Recipe rating 5 Stars 4 Stars 3 Stars 2 Stars 1 Star

This site uses Akismet to reduce spam. Learn how your comment data is processed.


  1. Glenda Steel says:

    These are absolutely delicious! I shall never cook sprouts any other way now, thank you so much for this wonderful recipe.

  2. Cyndy Miller-Hughes says:

    Can I cook the brussel sprouts early and reheat?

    1. Alex Overhiser says:

      Yes, but they’re best right out of the oven.

  3. Samantha says:

    I bought some bagged Brussels sprouts from the market for Thanksgiving. They are smaller than usual. Can I roast them whole with an x on the bottom to let out the steam? I think they’ll be really tiny if I cut them in half. Let me know if that will still work for the recipe or what alternative ideas you have for roasting the smaller ones.

    1. Alex Overhiser says:

      yes that works!

  4. Cathy Brown says:

    I made the roasted Brussels Sprouts without any glaze. They were very good, but much too salty. I’ll reduce the salt next time, but do everything else the same.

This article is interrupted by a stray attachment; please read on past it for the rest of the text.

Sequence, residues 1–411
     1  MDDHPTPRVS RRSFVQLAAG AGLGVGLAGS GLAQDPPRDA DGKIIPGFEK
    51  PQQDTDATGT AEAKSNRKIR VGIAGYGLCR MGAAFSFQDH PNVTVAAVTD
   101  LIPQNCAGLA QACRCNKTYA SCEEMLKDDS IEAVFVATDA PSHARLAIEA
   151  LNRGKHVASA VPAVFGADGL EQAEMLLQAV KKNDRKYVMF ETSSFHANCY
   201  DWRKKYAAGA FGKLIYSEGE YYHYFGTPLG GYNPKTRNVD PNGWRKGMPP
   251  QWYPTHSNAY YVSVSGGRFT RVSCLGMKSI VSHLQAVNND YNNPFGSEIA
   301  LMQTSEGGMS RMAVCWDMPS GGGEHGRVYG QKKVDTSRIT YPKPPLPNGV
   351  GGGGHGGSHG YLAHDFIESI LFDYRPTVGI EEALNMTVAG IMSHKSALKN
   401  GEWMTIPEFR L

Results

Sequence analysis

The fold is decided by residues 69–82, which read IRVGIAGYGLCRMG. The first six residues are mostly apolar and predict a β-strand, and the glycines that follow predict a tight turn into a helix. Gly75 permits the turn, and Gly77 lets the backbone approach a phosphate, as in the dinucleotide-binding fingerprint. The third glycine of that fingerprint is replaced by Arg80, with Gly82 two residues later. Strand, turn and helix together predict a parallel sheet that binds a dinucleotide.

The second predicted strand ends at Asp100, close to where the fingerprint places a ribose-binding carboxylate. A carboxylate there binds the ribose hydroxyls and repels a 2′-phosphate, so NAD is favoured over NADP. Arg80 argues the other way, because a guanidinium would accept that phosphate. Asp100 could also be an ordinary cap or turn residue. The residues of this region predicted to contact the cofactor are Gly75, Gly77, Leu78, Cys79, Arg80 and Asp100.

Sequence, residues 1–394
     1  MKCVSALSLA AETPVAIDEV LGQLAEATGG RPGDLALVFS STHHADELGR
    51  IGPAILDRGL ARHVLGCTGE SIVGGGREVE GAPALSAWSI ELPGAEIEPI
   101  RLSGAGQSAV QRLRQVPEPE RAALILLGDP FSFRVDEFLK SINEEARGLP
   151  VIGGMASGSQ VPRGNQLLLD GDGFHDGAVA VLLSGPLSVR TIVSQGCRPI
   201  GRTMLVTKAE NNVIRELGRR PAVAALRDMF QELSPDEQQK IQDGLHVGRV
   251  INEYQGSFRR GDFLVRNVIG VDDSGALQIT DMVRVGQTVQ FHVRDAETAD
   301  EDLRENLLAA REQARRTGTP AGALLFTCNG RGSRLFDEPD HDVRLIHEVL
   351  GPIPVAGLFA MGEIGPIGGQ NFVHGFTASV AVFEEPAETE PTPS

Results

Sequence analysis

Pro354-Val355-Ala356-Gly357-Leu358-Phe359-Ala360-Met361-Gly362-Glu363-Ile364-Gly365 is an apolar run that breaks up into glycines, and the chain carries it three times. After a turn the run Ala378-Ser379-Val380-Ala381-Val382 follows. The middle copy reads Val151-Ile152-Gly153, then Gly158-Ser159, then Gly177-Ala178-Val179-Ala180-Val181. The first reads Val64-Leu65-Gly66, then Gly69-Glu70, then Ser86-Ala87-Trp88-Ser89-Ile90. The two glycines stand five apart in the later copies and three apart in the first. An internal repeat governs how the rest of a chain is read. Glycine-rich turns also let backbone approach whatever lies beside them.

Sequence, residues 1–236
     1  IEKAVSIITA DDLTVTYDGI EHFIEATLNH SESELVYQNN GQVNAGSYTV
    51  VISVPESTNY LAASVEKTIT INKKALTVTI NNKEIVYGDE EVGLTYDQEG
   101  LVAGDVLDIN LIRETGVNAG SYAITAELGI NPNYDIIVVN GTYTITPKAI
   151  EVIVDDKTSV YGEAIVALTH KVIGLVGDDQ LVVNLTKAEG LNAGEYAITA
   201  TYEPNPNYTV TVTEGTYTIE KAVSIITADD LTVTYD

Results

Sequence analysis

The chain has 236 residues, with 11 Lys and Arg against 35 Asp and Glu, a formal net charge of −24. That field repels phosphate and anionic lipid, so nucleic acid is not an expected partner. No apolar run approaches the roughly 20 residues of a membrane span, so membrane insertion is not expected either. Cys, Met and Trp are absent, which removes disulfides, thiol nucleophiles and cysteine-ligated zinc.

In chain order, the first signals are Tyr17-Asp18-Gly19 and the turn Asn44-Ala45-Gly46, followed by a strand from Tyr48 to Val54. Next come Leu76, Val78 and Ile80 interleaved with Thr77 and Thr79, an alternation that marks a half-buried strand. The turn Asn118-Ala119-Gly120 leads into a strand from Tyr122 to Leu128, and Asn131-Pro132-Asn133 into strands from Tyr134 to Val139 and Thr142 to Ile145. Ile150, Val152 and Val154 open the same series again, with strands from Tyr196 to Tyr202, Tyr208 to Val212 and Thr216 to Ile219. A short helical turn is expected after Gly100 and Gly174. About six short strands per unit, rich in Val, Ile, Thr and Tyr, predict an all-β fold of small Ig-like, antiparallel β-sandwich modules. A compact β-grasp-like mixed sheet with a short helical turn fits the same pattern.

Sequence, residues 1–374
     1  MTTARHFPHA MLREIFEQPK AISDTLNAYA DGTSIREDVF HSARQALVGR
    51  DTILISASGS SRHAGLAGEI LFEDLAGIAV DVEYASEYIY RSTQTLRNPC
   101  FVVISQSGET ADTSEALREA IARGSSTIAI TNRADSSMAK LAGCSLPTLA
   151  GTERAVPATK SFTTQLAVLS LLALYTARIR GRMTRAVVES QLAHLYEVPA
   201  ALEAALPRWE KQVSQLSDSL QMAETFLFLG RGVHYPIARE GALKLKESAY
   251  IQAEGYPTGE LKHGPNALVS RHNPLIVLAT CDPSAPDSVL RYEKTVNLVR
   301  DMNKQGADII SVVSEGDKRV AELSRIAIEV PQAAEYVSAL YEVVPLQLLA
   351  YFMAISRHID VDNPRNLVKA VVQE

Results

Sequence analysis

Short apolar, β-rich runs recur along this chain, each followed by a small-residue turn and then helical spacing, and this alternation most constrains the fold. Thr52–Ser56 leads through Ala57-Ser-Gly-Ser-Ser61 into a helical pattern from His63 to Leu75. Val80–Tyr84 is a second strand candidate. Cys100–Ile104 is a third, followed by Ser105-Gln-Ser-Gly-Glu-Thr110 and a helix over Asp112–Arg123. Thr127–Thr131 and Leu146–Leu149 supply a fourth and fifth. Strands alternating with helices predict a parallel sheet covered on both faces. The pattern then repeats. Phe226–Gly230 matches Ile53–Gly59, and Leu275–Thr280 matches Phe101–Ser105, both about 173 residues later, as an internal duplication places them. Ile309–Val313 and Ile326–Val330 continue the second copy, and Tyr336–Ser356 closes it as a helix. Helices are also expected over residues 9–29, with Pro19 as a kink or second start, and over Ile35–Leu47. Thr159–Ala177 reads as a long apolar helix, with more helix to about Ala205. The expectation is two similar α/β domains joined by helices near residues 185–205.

5. Renee Myers-Day says:

    I want to add bacon to this recipe. Should i bake the bacon with brown sugar or would that be too much?

    1. Alex Overhiser says:

      That wouldn’t be necessary with the sweetness from the maple.

  6. Tammy D says:

    I made these last night and roasted a sweet potato along with the sprouts @ 425 instead of 450 but the sprouts got all nice and crispy dark like they were supposed to. It was fabulous!! The glaze worked as well on sweet potatoes as it did on the sprouts and the two together made a cold winter’s evening a bit warmer. Yum, yum, yum!

    1. Alex Overhiser says:

      Sounds great!

  7. Donna Copeland says:

    Can balsamic glaze be used instead of balsamic vinegar? Our daughter made these at Thanksgiving and they are absolutely the best brussel sprouts I have ever had!

    1. Alex Overhiser says:

      Yes, that will work!

      1. Kevin Brown says:

        My wife and I are on GOLO and the maple glazed brussels sprouts recipe falls well within the latitudes of the program. Trying it tonight. Sounds deeelicious.

  8. Jennifer says:

    Made this with tamari and they were soooo good. I have the hardest time getting them crispy, but these baked to perfection.

    1. Alex Overhiser says:

      So glad you enjoyed!